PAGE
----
“For any EIORP to realise its full potential, it must be able to put all assets for all its schemes, whether or not they relate to members in two or more member states, into one fund. Without this, economies of scale will be impossible to achieve,” says the EFRP. Arnot’s commentary identifies this as a key objective of the directive. The EFRP had argued in its report on EIORP that they should be able to achieve multi-jurisdictional compliance without sacrificing the single pool of assets and liabilities and economies of scale.
The commentary identifies one unclear aspect of the reporting rules, where Arnot argues that the directive is unclear as to whether it demands scheme-by-scheme annual accounts and reports as a general rule or just in certain circumstances. However, the EFRP believes that as obscure as the directive might be on this point, on balance it cannot be viewed as imposing scheme-by-scheme reporting as a general rule.

This matter is particularly important given that the information rules for members are the only general exception in the financial services area to the mutual recognition principle and will in any event require much cross-border coordination and goodwill between member states.
The ring-fencing issue is might be problematic, according to Arnot, especially if it were to break up funds. The EFRP’s analysis in its “earlier report on EIORPs is confirmed, it says: “a wide range of legal techniques could be regarded as ‘ring-fencing’. The challenge is to select the right method for the particular job without breaking up the fund. The various occurrences of the concept in the directive require a varied, context-sensitive approach. Once this has been achieved, compliance with any host state rules applicable on a cross-border basis will be relatively easy.”
It adds that the commentary confirms that appropriate varieties of ring-fencing should enable multi-jurisdictional compliance while achieving economies of scale.
The directive’s full funding standard is possession of “sufficient and appropriate assets”. How this is to be defined, though, remains an open question to be determined by each member state, mutual recognition means that whatever national standard is finally decided upon in each country, it must then be accepted by other member states without question. “However, where a home state allows temporary under-funding the full funding standard still applies to the cross-border operations. This means that the techniques for distinguishing domestic from cross-border operations will need approaching with particular care,” says the EFRP.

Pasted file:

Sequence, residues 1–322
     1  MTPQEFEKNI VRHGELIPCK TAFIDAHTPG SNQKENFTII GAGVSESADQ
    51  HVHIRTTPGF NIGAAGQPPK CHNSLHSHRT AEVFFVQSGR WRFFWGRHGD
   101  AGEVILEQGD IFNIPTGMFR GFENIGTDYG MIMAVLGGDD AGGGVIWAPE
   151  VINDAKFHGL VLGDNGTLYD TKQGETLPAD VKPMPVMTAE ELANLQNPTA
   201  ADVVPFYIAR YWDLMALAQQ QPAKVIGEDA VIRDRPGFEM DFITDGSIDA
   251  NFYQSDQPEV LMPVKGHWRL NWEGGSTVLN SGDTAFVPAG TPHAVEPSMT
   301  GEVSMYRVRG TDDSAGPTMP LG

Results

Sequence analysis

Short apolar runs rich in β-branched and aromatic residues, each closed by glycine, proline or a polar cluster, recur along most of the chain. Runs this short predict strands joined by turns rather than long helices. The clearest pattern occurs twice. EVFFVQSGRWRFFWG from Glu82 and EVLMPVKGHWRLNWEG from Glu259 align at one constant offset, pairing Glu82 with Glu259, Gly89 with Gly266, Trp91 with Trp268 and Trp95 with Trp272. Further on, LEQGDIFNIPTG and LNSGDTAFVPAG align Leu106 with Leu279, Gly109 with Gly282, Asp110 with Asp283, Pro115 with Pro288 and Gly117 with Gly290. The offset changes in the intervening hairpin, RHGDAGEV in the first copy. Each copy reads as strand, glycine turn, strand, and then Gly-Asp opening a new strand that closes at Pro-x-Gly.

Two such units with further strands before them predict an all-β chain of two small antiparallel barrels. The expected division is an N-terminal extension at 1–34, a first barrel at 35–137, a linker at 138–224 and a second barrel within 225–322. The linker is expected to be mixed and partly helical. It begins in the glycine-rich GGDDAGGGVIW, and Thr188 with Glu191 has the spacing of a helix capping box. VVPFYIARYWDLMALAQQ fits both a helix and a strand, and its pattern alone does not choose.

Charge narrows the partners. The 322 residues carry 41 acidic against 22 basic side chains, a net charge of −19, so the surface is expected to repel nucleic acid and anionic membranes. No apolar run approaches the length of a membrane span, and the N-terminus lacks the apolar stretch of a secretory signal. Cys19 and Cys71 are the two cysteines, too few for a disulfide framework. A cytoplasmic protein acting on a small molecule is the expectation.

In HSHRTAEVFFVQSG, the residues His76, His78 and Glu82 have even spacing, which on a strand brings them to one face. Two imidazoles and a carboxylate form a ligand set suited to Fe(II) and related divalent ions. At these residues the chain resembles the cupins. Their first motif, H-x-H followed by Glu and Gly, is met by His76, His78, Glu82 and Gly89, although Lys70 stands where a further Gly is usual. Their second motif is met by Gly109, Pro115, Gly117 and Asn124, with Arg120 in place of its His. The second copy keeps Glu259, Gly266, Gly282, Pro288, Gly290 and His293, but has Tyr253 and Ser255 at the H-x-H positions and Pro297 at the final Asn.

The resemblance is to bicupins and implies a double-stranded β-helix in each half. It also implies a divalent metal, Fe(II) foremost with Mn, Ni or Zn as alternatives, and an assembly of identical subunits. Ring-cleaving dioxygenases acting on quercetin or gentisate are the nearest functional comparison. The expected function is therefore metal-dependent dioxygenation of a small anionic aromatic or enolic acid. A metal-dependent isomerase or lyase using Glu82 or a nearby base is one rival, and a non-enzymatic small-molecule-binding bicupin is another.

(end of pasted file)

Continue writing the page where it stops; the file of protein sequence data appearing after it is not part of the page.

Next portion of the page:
For any EIORP to realise its full potential, it must be able to put all assets for all its schemes, whether or not they relate to members in two or more member states, into one fund. Without this, economies of scale will be impossible to achieve, the EFRP argues. “The commentary identifies this as a key objective of the directive.” This backs up its earlier report
that EIORPs should be able to achieve multi-jurisdictional compliance without sacrificing the single pool of assets and liabilities and economies of scale.

It also points out that how financial services providers other than IORPs may use the directive is not as yet clear. The directive allows states to permit or require IORPs to “outsource” key management functions to other entities. “Since there is no restriction on what these may be, it may be possible for many more financial services providers to benefit from this possibility than hitherto believed.”
Overall the EFRP calls for sensitivity to be exercised when putting in place the general cooperative framework between states to ensure that conditions emerge for problem-free cross-border activity. The Committee of European Insurance and Occupational Pensions Supervisors. (CEIOPS) will be set to play a major role as regards the directive. But its mandate precludes it from “addressing” national social and labour law issues; it will have to confine itself to “communicating” national rules. This confirms EFRP concerns on possible issues in cross-border cooperation when it comes to compliance with relevant host state social and labour law.